Top 5 Compliance Week conference takeaways

Top 5 Compliance Week conference takeaways

A few of us attended the 10th annual Compliance Week conference in Washington, D.C. last month, and it was apparent that the excitement and momentum of governance, risk, and compliance (GRC) have reached new levels.

There’s no doubt about it. The compliance industry has been on a wild ride the past 10 years. And the heightened mood and enthusiasm of over 500 attendees at the conference proved compliance, both as an industry and as a profession, has come a long way.

For us, the three-day event yielded 43 pages of notes. We’ve condensed them into these top five highlights.

  1. Create a culture of compliance.

    Culture is key to building an environment where compliance risk is valued by all. Get numbers on your side, and use them to put a dollar value on specific compliance risks. This helps your company’s leadership understand its importance in a language they will understand. Providing a real dollar value builds credibility and gets your risks on a ranking system.

    Culture and risk management reflect the way you are organized as a team, with integrity feathered throughout. Leadership participates in operating reviews that culminates at business units and country units. It’s a part of the fabric and rhythm of our lives. Since everyone is engaged, it diffuses the complexity.

    To continue building a risk ownership culture, integrate risk management into the strategic planning process, and embed risk-based discussion into everyday decision-making.

  2. People and process are everything.

    Sarbanes-Oxley (SOX), GRC, enterprise risk management—it’s never the same thing twice. Every year there will be changes to the perspectives and approaches due to organizational restructuring, the number of stakeholders, changing audit guidance, and updates to technology. But never forget that the drivers behind technology in your organization will be people. Without a sound process and team, organizations will struggle.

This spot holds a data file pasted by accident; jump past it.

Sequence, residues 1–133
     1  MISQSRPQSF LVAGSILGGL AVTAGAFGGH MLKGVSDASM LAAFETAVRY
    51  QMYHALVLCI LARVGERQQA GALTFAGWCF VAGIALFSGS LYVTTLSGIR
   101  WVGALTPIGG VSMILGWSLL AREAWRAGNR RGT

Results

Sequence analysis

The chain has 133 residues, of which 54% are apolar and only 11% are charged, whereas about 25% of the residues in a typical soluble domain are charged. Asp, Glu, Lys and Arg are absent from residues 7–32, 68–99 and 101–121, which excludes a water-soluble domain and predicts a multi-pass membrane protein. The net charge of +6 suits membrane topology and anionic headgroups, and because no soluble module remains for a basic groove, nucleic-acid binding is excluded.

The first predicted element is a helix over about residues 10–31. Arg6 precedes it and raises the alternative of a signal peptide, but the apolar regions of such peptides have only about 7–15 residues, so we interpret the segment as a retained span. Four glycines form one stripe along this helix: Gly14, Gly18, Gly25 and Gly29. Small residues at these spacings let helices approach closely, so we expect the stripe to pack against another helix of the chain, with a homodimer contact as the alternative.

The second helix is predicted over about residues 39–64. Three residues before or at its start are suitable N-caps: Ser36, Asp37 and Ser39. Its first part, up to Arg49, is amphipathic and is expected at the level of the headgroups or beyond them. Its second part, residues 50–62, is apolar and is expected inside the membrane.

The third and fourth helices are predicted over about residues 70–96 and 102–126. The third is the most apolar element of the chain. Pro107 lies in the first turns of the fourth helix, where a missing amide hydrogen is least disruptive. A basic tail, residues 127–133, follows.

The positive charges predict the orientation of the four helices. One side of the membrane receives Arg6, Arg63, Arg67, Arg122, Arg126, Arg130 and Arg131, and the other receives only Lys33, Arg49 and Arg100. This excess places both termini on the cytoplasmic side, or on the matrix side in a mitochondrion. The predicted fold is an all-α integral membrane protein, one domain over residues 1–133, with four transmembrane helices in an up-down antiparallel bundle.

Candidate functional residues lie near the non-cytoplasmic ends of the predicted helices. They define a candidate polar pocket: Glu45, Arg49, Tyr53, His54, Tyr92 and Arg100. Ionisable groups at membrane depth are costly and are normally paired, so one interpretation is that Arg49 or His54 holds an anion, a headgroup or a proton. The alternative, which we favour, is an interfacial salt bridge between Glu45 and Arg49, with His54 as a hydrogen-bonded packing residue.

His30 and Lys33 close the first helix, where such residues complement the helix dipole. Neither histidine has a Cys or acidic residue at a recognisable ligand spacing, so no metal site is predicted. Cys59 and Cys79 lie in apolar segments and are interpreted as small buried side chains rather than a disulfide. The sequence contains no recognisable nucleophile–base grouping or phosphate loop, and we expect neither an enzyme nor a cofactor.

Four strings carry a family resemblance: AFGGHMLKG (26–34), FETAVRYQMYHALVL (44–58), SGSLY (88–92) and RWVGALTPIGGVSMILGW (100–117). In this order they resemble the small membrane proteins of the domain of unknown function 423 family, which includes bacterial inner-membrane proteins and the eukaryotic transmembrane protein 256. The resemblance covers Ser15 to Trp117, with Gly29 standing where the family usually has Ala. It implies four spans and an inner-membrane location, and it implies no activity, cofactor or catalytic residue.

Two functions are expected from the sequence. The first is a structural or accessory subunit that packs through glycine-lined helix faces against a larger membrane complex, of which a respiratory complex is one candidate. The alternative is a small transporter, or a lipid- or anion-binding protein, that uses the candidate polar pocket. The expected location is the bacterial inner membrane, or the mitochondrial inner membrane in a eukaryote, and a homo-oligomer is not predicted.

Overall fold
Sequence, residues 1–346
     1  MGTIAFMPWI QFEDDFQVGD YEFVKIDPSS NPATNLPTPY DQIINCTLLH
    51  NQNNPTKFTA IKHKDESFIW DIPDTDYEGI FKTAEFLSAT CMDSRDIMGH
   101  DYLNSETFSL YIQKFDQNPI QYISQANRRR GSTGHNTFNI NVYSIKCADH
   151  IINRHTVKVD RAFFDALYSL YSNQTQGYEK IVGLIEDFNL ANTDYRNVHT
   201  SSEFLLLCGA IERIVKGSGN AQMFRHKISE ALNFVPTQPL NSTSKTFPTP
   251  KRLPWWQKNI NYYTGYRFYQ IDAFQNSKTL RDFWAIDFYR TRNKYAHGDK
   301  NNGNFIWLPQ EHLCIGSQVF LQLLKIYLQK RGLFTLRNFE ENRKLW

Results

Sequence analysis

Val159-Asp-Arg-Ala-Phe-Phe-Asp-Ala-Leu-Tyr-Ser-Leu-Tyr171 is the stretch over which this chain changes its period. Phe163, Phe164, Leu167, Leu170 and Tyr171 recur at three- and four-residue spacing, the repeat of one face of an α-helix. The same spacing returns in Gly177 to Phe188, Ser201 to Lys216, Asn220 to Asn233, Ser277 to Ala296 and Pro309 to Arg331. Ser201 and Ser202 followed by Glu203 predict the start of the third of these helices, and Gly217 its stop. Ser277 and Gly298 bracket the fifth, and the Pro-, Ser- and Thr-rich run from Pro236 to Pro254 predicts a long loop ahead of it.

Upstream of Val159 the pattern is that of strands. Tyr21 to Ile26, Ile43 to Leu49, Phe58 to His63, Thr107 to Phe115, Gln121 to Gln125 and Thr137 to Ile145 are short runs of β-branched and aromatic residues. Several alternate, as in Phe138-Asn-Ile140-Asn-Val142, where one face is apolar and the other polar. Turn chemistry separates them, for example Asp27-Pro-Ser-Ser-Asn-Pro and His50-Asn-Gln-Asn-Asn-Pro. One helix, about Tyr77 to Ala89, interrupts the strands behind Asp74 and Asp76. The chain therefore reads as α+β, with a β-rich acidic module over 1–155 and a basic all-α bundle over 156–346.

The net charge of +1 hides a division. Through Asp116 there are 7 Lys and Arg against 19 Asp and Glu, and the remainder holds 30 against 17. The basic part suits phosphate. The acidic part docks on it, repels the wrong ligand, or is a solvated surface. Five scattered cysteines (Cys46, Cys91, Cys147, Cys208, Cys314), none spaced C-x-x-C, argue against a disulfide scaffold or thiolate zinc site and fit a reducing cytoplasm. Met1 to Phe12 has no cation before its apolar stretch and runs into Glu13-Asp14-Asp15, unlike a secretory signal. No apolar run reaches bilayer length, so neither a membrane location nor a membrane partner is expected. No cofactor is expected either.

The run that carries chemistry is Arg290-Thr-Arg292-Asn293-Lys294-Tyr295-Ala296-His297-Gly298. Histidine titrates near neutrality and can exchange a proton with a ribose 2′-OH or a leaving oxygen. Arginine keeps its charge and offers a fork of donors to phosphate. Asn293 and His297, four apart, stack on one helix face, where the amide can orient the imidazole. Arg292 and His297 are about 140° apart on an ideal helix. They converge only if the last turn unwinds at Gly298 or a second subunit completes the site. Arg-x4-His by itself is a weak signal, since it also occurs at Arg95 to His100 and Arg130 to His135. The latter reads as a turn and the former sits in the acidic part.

3. The CCO needs a seat at the table.

    The first time the CCO meets the CEO should not be because of an incident. It’s important that the tone at the top is set and solid to enforce a culture of compliance by example first. Without buy-in from all senior leaders, it will be a fight to integrate compliance throughout an organization.

  4. Create an effective compliance program.

    Risk is increasing and constantly changing—leaving companies vulnerable, internally and externally. While every program should be tailored to the individual businesses and their risks, all programs must be dynamic and evolve with the organization.

    Here are the keys to an effective program:

    • Use the three lines of defense model
    • Keep it simple, and utilize a clear reporting tool
    • Measure the effectiveness of your program

    According to In Focus: 2015 Compliance Trends Survey, 30 percent of organizations are not measuring the effectiveness of their compliance programs. Without measurement, organizations cannot take corrective action when needed.

  5. Integrate compliance and GRC.

    “Why now?” you may ask. Well, enhanced regulatory scrutiny, especially in the SOX space by the PCAOB and the SEC, is placing increased process and control complexity on organizations. And with a maturing GRC technology market, there’s never been a better time to fully integrate.

    Plus, corporate desire to do the right thing for customers and investors has never been stronger. The need to understand risk profiles and for everyone to be on a single enterprise platform in order to drive value to the organization is more important than it’s been in the past decade.

    There is hope—it’s possible, through the right GRC strategy and system, to allow organizations to collaborate seamlessly and align processes to management’s strategic initiatives.

If anything, these five highlights have proved that the wild ride will continue as organizations take further steps to integrate GRC and ERM strategies with their SOX and compliance programs. We can’t wait.

Susan Yount

About the author

Susan Yount is the Director of Reporting Practices for Workiva. Previously, she served as the Associate Chief Accountant in the Office of Interactive Data at the SEC.